COVID-19 is the disease caused by the SARS-CoV-2 virus and is the centre of the 2020 coronavirus pandemic. As of October 27, the pandemic has resulted in over 44 million cases and over 1.1 million deaths around the world. The virus uses the ACE2 receptor on host cells to infect them. The binding of the spike protein with the ACE2 receptor is extremely important, as this mechanism alone is essential in allowing the virus to infect the host. Despite access to good technology, effective treatment and vaccines have been hard to make since the virus is highly mutative. The mutations are especially important when looking at the spike protein of the virus, which is the protein that allows SARS-CoV-2 to enter the host cell. Due to the high rate of mutation present in this strain of virus, researchers have been unable to find a reliable treatment that can neutralize the various mutated spike proteins that exist.
Map of Coronavirus Spread Generated From our data
New mutations of the virus pop up almost every day, though most aren’t very prevalent. Despite the speed with which these new mutations can be sequenced, obtaining the crystal structure of the protein is a different matter as it is expensive and time consuming. Due to this, it’s difficult for researchers to determine how mutations could potentially change the structure of the spike protein. Without understanding what the spike protein will look like, it is impossible for researchers to know whether a potential antibody or vaccine will be effective against the virus.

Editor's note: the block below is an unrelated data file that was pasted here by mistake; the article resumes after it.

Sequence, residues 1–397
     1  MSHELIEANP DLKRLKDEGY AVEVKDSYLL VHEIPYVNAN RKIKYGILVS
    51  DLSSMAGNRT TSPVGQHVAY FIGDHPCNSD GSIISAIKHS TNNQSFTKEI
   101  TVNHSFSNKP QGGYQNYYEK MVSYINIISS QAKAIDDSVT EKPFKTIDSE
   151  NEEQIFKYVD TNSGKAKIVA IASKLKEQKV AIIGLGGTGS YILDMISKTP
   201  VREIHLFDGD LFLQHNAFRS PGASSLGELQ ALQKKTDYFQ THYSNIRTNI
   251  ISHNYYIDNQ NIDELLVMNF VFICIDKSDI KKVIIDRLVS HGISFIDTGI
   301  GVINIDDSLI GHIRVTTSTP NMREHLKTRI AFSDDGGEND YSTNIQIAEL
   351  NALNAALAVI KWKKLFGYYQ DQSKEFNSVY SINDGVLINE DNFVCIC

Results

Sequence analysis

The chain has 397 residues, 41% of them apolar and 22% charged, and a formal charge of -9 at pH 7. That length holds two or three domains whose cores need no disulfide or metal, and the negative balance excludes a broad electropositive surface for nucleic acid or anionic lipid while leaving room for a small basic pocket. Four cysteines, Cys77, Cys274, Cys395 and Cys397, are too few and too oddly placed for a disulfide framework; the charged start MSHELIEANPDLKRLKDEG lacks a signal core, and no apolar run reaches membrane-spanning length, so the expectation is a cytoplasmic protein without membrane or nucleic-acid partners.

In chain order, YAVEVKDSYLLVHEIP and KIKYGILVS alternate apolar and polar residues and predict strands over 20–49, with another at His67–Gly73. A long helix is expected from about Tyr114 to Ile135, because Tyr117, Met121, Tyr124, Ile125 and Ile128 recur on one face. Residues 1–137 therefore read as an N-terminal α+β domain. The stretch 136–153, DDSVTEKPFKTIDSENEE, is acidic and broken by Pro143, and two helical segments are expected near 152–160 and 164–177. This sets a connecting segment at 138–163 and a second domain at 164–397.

The pandemic has obviously changed the way the majority of the world lives, and our team members felt that we should do something to help contribute to the fight against coronavirus. Since we didn’t have access to a wet lab, we resolved to help researchers from outside the lab. We identified the ability of software modeling tools to help model the thousands of mutations that exist and decided to use homology modeling to discern their respective crystal structures. We also wanted to be able to directly contribute to the fight via synthesizing our own antibodies that can neutralize the spike protein of the virus.
Out Solution: Viralizer
Our project, Viralizer, aims to tackle many of these issues. The first component of our project is a database of more than 20,000 mutated spike protein sequences as well as their corresponding protein models. Using this data, we designed antibodies that can bind to the majority of spike protein sequences we analyzed. The database also contributed to the development of a phylogenetic tree that characterizes the propagation of the virus over the course of the pandemic. The tree allows researchers to track particular strains as well as sort the mutations by location and date.